Oh, say, does a Bechdel-Wallace test count if one of the participants is wearing a male body temporarily? Because there's a pretty good if short conversation between the two women characters about high school identity politics and judgmentalism, with the twist being that one is played by a fat man with a beard.
posted by bartleby at 12:50 AM on December 27, 2017 [4 favorites]


Really enjoyed this until it got to the f'ing pointless 'hey lemme teach you how to seduce and be sexy' section. Sure they swerved into 'oh actually I am a fighter and can just punch them' but not before giving the teenage male gaze camera what it wanted. Shame really (is there a quota somewhere? That every action film with a 'strong female lead' has to include a seduction section?) soured the rest of a solid popcorn flick.

I mean not to get too highminded about it, but it does lean into: being a man is natural, being a woman is taught. All men need to do is have penis (Jack Black's (fun) character is basically this) while women need to be learnt. Sure there's pressures of masculinity with the nerdy guy but that's played more as him growing into being a Man rather than having to learn it. I know, I know, shouldn't expect gender play in a Hollywood flick but think how much more fun this film could have been if they did.
posted by litleozy at 11:02 PM on December 27, 2017


I loved this dumb stupid fun as heck movie and would happily watch 100 more just like it.

The actress who played girl Martha was also girl Veda in the Mildred Pierce miniseries, if you want to see more of her on screen. And I just saw boy Spencer in My Friend Dahmer a few days ago.
posted by phunniemee at 3:15 PM on January 27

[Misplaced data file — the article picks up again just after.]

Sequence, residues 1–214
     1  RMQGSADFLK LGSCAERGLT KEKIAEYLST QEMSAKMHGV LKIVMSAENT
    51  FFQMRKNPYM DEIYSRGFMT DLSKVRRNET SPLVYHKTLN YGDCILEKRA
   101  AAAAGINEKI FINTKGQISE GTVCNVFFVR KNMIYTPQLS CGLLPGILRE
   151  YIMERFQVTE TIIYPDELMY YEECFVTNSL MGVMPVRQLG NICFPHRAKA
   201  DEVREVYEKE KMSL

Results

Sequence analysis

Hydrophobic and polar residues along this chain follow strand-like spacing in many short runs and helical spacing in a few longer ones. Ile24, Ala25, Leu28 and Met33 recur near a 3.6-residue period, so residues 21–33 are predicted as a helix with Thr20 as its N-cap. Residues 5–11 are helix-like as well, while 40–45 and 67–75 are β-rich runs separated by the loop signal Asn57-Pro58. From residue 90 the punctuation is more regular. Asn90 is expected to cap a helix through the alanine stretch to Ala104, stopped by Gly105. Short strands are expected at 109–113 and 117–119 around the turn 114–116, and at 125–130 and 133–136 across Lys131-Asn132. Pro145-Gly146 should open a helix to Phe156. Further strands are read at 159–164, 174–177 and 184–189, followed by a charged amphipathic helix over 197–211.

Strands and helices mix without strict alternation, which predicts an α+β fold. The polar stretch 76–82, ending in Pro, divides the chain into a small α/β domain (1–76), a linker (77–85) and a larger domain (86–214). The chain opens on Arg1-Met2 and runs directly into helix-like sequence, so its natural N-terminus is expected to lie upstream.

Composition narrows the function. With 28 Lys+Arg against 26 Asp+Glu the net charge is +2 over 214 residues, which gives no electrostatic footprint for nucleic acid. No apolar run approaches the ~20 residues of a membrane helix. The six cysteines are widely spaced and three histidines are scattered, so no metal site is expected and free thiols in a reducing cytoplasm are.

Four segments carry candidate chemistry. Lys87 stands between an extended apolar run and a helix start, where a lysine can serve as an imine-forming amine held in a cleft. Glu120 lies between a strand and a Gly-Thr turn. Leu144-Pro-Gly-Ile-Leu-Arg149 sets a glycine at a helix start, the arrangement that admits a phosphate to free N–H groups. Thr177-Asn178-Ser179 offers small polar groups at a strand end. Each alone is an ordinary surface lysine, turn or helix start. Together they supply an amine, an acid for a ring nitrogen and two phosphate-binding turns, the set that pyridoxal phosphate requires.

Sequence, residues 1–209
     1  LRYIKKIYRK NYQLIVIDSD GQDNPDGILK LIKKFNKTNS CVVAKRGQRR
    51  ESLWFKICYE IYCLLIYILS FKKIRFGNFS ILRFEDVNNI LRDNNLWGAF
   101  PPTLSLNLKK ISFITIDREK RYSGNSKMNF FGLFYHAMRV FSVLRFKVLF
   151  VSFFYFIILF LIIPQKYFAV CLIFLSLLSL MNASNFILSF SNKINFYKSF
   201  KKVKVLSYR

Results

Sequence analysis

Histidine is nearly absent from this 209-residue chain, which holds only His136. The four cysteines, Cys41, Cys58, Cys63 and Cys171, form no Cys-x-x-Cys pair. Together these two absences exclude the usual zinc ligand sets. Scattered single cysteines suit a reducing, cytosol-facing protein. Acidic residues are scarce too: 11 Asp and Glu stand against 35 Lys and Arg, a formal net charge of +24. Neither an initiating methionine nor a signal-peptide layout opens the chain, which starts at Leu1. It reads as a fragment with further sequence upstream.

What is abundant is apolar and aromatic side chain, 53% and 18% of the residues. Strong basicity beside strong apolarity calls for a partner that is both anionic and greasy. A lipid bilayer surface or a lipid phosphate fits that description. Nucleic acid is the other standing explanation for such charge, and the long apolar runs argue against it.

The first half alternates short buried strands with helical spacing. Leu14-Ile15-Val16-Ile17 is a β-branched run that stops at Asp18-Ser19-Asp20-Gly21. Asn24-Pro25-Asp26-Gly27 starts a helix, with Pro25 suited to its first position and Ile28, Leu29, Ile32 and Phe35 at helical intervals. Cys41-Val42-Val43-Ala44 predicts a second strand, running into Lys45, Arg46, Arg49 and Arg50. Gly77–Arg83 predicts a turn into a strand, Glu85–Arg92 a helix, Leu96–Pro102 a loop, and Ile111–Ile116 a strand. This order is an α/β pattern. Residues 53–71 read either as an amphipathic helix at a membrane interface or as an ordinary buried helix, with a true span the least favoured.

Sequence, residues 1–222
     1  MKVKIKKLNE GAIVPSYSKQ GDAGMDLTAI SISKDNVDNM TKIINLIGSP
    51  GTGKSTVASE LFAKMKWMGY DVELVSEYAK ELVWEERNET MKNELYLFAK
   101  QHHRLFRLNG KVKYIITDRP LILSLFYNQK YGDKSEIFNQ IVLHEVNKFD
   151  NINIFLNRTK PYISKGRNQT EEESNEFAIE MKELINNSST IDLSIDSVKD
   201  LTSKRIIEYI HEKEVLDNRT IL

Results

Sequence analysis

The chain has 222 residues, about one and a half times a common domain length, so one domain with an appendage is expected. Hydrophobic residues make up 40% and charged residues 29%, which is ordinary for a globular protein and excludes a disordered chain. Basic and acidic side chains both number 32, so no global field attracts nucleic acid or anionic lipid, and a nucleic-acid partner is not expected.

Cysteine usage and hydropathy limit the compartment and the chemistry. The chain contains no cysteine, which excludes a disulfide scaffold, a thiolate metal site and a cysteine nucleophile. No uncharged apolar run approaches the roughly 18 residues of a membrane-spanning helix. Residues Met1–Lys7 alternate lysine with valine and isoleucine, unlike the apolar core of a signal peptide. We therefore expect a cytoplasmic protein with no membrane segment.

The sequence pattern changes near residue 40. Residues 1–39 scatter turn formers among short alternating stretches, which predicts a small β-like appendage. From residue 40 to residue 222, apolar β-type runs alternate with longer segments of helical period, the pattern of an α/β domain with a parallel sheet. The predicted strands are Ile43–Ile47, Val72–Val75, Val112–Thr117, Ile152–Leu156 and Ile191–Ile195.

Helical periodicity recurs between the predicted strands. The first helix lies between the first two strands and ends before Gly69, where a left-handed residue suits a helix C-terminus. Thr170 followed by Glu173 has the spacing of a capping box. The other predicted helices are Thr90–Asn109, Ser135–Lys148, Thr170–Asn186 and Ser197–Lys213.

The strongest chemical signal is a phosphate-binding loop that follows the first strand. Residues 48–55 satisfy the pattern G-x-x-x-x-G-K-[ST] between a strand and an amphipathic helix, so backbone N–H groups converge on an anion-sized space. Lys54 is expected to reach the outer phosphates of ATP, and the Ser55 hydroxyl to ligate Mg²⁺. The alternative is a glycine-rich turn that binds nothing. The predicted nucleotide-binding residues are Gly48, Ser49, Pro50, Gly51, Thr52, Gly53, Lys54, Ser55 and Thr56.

Let me see if I've got this right.

Spencer is a white Jewish boy, who coincidentally is a hypochondriac, cowardly, nerdy momma's boy, and whose sole sense of self-worth seems to derive from being good at video games. Fridge is a black boy, who is referred to by the name of an object rather than an actual person's name and has committed the grave sin of being ungrateful for Spencer's botched attempt at helping him. Fridge is tall, strong, and athletic, and is suggested to be having sex (!) with a woman (!!), unlike Spencer, who is thus made to look pathetic in comparison.

Then they're sucked into a video game, where Spencer becomes a tall, strong, and athletic man whose super power is literally being sexy and whose back story makes him the most important person in the game by default, and Fridge becomes a short, cowardly, nerdy man whose super power is literally being Spencer's servant and whose back story is about how he gladly serves Spencer out of sheer gratitude. Since the game works on video game logic (and is therefore oddly less sophisticated and complex than the board game from the original Jumanji, which this movie nevertheless wastes no time making fun of), Spencer is now valued and respected precisely because he (and, for some reason, not the black boy nor the two girls his age) is a gamer and understands that logic.

After their adventure through the game, during which Fridge suffers two humiliating deaths, the first of which has no purpose other than pure comic relief, and the second of which is partly a justified revenge killing by Spencer that his teammates literally laugh at him about, Spencer and Fridge each learn a valuable lesson that they take back with them to the real world. Spencer learns that all he has to do is man up, and he too can get a girlfriend without changing anything else about himself. Fridge, on the other hand, learns that he was wrong to not want to hang out with the white male main character anymore.

Does that about cover it?
posted by J.K. Seazer at 11:06 PM on February 5